My 30th birthday is on Saturday, and a lot of people share 30 things they’ve learned at 30. But instead, I am celebrating my 30 years of life and all of the things I am proud of myself for.
I was the first in my family to go to college.
I earned 2 masters’ degrees.
I have navigated myself out abusive situations.
My husband and I have lived in 4 states, adjusting and thriving together.
I wanted to publish at least one book by 30; I have published 2 books, 2 articles, and 7 poems.
I have traveled out of the country. I am not as well-traveled as many of my other peers, but growing up I could not afford to travel. I am seeing the world based on my own ambition.
I have learned how to say “no.” But I still need a reminder once in a while.
I have developed healthy coping mechanisms for depression and anxiety. Sometimes I stumble and fall. Sometimes I don’t cope well and do unhealthy things when I am hurting. Healing and coping is an ongoing journey.
I had a 6 year career in ministry, and then made a career change.
I have survived what has felt like unsurvivable situations.
I have lived through situations that changed me to the core, but I worked hard to rebuild and become a person that I like and am proud of.
I have forgiven people who have hurt me. I still have others to forgive, and that might take some time.
I am learning how to celebrate myself.
I am learning how to advocate for myself.
I have rediscovered important parts of who I am and reincorporated them into my adult life.
I am intuitive and empathetic.
I can change and grow. I am not stuck.
I do the damn work.
The friendships that I have maintained from past lifetimes are quality people.
I still have some hope that the world can get better. Most days, at least.
I am brave.
I always want to learn.
I always want to improve and be a better human to other humans.
I fight to be here, because I know I deserve to be here.
I know who I am. I have a strong sense of self.
I am a problem solver.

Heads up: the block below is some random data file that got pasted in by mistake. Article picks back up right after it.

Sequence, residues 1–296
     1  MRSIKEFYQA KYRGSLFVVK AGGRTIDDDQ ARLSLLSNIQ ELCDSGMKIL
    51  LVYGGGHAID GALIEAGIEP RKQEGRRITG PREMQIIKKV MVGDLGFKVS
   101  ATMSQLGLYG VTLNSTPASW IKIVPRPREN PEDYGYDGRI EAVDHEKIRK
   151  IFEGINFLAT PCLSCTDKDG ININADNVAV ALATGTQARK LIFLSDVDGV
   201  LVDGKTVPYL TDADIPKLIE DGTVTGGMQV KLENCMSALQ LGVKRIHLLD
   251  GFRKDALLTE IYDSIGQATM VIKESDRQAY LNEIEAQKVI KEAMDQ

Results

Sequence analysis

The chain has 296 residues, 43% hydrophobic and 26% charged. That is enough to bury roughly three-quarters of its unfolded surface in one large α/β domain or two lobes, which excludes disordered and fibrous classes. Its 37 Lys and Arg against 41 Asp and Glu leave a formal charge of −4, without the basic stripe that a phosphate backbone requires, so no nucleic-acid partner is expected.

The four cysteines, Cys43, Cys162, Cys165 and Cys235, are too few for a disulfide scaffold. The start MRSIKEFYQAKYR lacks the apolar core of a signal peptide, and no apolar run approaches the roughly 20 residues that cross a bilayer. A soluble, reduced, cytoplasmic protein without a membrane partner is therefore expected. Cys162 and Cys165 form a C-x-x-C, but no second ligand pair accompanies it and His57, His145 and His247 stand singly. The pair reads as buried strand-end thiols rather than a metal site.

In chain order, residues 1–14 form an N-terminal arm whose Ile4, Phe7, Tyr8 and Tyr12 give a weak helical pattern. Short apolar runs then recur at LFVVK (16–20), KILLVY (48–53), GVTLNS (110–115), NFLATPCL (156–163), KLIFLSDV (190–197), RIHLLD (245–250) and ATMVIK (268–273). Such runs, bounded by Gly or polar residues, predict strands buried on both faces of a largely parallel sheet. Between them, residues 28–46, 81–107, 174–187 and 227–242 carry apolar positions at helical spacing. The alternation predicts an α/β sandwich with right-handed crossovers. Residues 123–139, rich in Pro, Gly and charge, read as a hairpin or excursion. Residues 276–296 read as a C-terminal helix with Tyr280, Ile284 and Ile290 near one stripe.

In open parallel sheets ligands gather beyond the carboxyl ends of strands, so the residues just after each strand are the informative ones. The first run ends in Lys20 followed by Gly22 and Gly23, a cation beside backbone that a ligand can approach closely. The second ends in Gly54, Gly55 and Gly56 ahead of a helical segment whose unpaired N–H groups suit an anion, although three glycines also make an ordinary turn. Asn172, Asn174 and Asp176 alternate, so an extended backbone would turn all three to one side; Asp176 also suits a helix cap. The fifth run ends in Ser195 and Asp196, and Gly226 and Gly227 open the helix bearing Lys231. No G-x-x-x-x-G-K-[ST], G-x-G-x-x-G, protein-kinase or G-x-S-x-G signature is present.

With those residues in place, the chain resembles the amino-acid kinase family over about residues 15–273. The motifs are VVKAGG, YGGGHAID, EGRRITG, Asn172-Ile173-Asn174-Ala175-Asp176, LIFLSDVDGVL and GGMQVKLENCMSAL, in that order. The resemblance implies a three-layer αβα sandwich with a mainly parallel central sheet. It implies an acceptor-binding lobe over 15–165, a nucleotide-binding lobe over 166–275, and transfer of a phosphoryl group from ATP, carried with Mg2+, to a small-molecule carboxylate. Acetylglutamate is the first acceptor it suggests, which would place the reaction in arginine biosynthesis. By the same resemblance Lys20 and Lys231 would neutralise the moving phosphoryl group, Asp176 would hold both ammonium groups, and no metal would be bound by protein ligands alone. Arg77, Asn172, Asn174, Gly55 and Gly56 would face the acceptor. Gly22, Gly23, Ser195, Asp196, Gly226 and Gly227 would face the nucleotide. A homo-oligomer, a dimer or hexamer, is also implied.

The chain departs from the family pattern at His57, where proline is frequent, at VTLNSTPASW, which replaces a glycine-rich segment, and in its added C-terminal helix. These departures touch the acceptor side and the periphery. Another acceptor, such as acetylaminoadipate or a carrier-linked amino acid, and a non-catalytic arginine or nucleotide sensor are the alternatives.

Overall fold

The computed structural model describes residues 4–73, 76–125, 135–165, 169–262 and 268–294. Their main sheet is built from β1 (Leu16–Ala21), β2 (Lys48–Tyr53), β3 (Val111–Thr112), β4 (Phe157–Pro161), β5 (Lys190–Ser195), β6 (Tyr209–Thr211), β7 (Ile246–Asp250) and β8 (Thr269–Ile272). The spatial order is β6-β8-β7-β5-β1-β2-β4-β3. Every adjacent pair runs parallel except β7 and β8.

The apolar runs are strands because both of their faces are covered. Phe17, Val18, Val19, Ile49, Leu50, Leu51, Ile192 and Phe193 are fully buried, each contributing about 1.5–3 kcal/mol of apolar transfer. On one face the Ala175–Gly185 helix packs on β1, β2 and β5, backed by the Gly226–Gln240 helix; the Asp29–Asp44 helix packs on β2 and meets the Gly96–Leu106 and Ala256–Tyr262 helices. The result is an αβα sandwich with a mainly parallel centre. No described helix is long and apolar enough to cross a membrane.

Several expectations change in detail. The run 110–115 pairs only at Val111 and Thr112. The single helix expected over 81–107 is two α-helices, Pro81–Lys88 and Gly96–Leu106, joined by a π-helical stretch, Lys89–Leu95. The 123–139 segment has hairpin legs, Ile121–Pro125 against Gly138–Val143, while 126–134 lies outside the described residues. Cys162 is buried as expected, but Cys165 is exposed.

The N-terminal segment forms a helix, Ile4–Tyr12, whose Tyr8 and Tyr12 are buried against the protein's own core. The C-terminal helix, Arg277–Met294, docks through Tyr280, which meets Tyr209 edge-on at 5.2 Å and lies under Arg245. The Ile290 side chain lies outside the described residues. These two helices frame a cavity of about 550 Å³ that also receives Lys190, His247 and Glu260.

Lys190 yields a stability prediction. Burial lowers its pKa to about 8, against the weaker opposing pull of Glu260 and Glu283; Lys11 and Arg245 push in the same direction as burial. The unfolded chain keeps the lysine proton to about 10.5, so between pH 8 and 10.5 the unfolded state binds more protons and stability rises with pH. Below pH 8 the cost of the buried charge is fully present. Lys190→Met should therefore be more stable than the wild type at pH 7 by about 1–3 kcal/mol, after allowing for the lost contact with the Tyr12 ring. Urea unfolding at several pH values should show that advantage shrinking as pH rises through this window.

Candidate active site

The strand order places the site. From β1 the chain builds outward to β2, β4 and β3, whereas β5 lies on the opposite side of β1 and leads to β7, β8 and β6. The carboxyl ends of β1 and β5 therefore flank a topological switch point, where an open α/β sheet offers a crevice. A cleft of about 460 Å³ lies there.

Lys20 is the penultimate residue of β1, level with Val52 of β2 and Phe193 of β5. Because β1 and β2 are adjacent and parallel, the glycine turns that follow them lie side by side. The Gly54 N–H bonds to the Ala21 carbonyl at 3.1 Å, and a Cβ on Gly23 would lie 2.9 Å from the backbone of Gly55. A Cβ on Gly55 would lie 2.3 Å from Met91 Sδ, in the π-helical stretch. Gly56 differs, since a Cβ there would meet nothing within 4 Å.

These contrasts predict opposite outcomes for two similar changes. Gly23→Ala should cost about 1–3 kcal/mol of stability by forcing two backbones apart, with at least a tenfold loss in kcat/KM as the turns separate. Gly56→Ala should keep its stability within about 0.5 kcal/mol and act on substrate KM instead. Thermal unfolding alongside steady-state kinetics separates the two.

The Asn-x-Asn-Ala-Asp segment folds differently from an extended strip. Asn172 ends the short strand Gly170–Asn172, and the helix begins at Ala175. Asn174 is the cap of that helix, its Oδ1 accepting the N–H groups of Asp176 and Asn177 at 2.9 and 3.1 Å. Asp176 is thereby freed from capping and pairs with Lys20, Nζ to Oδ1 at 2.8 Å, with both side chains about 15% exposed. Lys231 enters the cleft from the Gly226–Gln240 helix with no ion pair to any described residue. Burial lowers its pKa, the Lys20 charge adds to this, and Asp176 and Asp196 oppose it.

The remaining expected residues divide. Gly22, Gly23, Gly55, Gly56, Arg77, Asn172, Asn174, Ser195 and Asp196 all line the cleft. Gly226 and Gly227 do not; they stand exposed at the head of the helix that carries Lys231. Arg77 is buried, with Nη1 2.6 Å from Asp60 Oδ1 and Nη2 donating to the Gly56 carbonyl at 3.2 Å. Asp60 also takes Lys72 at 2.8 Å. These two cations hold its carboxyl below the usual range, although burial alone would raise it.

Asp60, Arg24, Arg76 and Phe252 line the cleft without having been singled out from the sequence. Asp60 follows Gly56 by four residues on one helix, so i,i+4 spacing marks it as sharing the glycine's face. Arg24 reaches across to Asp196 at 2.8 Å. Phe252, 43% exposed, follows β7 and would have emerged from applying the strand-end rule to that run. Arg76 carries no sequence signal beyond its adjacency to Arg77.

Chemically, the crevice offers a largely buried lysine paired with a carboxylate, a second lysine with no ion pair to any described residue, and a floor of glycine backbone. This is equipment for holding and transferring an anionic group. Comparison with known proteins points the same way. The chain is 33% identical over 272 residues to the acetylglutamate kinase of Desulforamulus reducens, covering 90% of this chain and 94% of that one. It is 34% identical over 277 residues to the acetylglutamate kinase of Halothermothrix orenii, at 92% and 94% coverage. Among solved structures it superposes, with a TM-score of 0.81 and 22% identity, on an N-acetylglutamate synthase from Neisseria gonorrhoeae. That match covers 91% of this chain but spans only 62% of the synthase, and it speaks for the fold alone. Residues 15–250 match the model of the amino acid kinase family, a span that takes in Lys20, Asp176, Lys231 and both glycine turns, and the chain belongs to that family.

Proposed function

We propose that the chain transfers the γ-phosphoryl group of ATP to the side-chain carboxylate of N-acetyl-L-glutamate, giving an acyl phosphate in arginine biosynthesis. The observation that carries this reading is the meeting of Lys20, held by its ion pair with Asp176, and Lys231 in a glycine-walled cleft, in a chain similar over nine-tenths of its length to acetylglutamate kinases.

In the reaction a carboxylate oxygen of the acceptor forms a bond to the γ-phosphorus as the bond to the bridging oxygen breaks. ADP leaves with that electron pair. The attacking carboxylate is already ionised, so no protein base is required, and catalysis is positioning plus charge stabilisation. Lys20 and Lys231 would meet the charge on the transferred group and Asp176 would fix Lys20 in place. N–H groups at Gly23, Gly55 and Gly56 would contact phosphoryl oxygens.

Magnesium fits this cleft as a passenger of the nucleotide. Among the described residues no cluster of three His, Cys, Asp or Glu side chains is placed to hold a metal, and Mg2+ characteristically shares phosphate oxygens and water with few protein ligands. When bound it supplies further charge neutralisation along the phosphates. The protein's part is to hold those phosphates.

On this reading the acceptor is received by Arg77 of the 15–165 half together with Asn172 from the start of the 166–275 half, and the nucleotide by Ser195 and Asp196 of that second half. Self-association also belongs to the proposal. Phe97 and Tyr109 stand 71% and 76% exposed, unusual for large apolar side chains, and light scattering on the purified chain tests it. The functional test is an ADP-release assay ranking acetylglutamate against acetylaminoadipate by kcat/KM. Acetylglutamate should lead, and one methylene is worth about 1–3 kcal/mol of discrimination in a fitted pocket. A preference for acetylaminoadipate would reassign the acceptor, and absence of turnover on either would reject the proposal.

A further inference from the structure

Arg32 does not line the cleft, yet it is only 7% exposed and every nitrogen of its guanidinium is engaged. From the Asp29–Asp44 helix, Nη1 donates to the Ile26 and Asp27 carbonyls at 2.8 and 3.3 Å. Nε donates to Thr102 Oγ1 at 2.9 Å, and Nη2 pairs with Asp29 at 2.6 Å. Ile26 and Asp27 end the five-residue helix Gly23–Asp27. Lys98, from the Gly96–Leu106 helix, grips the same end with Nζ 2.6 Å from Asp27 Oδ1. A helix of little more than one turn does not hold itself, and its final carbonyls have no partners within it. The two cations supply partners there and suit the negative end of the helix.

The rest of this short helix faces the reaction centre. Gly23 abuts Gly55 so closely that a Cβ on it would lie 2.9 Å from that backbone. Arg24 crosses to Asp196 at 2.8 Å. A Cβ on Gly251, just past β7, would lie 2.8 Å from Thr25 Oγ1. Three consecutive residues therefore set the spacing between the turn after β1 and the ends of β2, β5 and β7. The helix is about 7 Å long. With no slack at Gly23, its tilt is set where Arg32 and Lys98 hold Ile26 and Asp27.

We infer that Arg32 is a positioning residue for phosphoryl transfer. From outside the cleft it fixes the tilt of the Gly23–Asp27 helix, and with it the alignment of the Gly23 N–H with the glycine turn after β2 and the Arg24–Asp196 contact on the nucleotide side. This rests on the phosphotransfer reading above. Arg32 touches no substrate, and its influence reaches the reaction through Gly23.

If I don’t know how to do something, then I learn how. I ask questions. I am open to being taught.
I am more than happy to share whatever knowledge I have with others to make the journey easier for them as well.
I believe our well-being is tied to each other. I want us all to succeed. I want us all to be equal. I want us all to be cared for.
I am happy with how I am using my time on earth. I want to make the most out of whatever time I have here and have lots of stories to tell. I have not wasted my years. I have continually used them to grow and learn. I rest when I need to rest, I sprint when I need to sprint, and I stroll when I need to stroll.
What are you proud of? Even if you just make a list of 5 things, please affirm yourself today! Our lists don’t have to look the same. My list is messy and full of pain. But I also celebrate the journey. Be proud of yourself, where you have been, where you are, and where you’re going.
Anyone else realizing their flight response is on high alert?
I think mine turned on a couple years ago, and I have yet to completely turn it off. And now in a pandemic, I think there might be a good number of us who feel this way. With our flight response, when there is an imminent threat that can’t be fought off, we want to run away from it and get to safety as soon as possible. With Covid-19, we don’t have a natural immunity to this particular virus strain, and there is no guarantee that the virus is mild or survivable. For many, yes, it will end up being okay; but for many others who were seemingly in good health, they ended up in the hospital or dying. And this pandemic is far from over, so this flight response that many of us may be feeling might stay in place for a while.
This is challenging enough on its own. But we still face every day stresses. A rough day at work. A miscommunication between friends. A burnt dinner. These are common issues that we are more than capable with dealing with, but these problems feel amplified when our flight responses is clicked on. Our daily inconveniences feel like major disasters that are a threat to our well-being, so we might be inclined to shut down and withdraw as a way of fleeing to safety.